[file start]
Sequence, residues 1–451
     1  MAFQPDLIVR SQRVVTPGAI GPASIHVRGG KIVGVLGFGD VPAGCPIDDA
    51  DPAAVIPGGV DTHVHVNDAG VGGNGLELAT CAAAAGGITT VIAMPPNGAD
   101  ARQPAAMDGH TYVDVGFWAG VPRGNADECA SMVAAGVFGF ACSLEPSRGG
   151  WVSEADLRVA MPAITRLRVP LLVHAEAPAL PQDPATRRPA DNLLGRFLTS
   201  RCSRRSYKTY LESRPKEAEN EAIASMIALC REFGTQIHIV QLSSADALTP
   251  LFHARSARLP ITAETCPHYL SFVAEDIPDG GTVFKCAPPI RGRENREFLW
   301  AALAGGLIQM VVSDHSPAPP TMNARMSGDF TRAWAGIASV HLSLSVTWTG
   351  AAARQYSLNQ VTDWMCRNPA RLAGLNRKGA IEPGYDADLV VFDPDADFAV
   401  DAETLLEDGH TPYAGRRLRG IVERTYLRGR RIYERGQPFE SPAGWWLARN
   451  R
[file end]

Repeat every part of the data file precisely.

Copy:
Sequence, residues 1–451
     1  MAFQPDLIVR SQRVVTPGAI GPASIHVRGG KIVGVLGFGD VPAGCPIDDA
    51  DPAAVIPGGV DTHVHVNDAG VGGNGLELAT CAAAAGGITT VIAMPPNGAD
   101  ARQPAAMDGH TYVDVGFWAG VPRGNADECA SMVAAGVFGF ACSLEPSRGG
   151  WVSEADLRVA MPAITRLRVP LLVHAEAPAL PQDPATRRPA DNLLGRFLTS
   201  RCSRRSYKTY LESRPKEAEN EAIASMIALC REFGTQIHIV QLSSADALTP
   251  LFHARSARLP ITAETCPHYL SFVAEDIPDG GTVFKCAPPI RGRENREFLW
   301  AALAGGLIQM VVSDHSPAPP TMNARMSGDF TRAWAGIASV HLSLSVTWTG
   351  AAARQYSLNQ VTDWMCRNPA RLAGLNRKGA IEPGYDADLV VFDPDADFAV
   401  DAETLLEDGH TPYAGRRLRG IVERTYLRGR RIYERGQPFE SPAGWWLARN
   451  R